Brussels, 06 Feb 2003
The European Group on Ethics in Science and New Technologies (EGE) has welcomed EU research funding directed towards developing countries but stressed the need for greater solidarity to fight poverty related diseases in a new opinion on the ethical aspects of clinical research in developing countries.
The opinion states that the fundamental ethical rules applied to clinical trials in industrialised countries should be globally applicable, as a weakening of the regulatory standards would be in contradiction to the fundamental principles of human rights and dignity.
According to the group's opinion, research activities should be in keeping with the Charter of Fundamental Rights, which states that, 'The Union is founded on the indivisible and universal values of human dignity, freedom, equality and solidarity.'
The European Commission has been stimulating scientific cooperation with developing countries since 1983 through successive framework programmes. Targeted areas for research have included health, agriculture and the environment. Most recently, the Sixth Framework Programme has made it possible for developing countries to benefit from EU funding in all research areas. In particular, a total of 600 million euro has been allocated to combat AIDs, malaria and tuberculosis.
Although the EGE states that developing countries should be given the same opportunities as industrialised countries, the opinion recognises that there are differences regarding their economic and social contexts.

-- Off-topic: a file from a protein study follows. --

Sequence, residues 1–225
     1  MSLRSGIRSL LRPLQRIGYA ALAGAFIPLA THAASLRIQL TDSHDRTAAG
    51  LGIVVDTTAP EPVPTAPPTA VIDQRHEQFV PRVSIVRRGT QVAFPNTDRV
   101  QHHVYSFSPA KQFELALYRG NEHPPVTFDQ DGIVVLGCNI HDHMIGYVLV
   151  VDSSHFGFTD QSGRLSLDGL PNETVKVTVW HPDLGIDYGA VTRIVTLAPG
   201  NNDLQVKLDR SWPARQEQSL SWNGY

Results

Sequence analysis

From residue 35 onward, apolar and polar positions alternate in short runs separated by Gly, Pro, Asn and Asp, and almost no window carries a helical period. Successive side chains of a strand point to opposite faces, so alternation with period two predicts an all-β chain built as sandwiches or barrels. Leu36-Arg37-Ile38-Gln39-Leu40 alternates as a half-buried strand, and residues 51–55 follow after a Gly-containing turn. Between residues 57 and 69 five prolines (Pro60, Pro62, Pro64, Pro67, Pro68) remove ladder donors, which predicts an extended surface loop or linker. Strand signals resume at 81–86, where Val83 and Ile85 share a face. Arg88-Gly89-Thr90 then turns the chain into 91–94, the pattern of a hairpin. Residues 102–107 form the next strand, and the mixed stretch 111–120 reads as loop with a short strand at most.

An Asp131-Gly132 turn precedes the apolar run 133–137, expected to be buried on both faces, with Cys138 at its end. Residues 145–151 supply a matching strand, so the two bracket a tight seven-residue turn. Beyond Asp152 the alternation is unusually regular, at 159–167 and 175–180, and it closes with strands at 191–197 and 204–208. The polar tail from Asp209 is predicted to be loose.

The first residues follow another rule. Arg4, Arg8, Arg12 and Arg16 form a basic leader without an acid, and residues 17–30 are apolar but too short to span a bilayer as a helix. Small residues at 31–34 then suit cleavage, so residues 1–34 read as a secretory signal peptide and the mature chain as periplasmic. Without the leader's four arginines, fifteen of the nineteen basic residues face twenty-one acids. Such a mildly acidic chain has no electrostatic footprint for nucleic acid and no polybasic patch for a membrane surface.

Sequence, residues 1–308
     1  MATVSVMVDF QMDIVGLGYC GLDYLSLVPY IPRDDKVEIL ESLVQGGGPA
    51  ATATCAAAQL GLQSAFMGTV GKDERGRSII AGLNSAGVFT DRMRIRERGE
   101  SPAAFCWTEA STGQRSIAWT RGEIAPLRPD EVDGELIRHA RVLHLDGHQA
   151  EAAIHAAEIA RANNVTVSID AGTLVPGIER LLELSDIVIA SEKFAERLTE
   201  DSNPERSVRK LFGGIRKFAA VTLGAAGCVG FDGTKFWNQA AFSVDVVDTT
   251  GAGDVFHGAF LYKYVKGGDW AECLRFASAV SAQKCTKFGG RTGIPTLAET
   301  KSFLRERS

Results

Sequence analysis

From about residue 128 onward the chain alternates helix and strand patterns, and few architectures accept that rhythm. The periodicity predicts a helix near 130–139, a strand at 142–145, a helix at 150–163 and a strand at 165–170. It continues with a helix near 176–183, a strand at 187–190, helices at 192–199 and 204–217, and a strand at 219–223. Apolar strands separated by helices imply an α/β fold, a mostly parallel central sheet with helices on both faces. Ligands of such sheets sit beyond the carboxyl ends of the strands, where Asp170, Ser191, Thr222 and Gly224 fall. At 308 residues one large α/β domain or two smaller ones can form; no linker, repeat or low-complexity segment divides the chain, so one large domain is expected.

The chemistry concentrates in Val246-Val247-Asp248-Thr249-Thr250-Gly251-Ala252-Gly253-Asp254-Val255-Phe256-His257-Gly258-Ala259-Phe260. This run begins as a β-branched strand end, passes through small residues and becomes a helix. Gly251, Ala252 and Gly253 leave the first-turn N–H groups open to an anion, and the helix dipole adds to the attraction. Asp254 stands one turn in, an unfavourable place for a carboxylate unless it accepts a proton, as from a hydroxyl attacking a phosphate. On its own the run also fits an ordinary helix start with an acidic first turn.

'In developing countries, little or no infrastructure is available for the population at large, particularly concerning healthcare services. In addition, cultural differences may also exist regarding traditions, family or community structures and moral values.'
'Research activities involving human subjects cannot exclusively be assimilated to an economic activity subject to market rules.'
Clinical trials are an essential part of medical research to develop new treatments or new diagnostic methods. However, clinical trials are sometimes set up for commercial goals.
The opinion also calls for better partnership and cooperation between research scientists. Local scientists' involvement is very important throughout all the phases of clinical trials as 'their knowledge of local conditions and traditions is also necessary to identify local needs.'
To safeguard the rights of people, ethical committees from all participating countries should carry out scientific and ethical evaluation of the research protocol. In particular, the group underlines their support for EU initiatives to build local ethical committees in developing countries.
Concerning the use of placebos, the group calls for the same regulatory structure as found in European countries; failing to do so could lead to double standards for poor and rich countries, the EGE argues.
The opinion concludes by stating that negative as well as positive results of trials must be published and that the new knowledge acquired by a research project in a developing country must be made efficiently accessible to the scientific community and to the general population of the country where the research took place.